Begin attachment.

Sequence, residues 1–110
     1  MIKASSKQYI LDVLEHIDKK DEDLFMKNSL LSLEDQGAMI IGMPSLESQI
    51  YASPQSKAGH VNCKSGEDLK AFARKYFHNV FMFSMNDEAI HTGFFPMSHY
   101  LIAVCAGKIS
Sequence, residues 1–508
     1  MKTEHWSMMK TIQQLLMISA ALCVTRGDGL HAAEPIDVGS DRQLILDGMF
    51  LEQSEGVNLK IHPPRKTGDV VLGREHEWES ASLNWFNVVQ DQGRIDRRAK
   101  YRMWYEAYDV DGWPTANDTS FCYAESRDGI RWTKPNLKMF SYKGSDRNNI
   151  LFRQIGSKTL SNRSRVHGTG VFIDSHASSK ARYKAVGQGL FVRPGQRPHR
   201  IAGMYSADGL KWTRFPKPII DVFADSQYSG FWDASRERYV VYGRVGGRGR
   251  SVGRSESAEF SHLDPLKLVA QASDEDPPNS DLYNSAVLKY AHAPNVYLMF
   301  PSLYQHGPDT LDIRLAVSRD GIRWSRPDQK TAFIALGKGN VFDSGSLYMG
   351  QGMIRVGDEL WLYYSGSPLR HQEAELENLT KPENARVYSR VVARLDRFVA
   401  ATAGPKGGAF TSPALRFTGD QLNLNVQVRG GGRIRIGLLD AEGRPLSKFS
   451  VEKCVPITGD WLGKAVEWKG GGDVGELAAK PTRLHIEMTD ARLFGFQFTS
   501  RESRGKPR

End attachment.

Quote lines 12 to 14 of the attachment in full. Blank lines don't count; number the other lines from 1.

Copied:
   301  PSLYQHGPDT LDIRLAVSRD GIRWSRPDQK TAFIALGKGN VFDSGSLYMG
   351  QGMIRVGDEL WLYYSGSPLR HQEAELENLT KPENARVYSR VVARLDRFVA
   401  ATAGPKGGAF TSPALRFTGD QLNLNVQVRG GGRIRIGLLD AEGRPLSKFS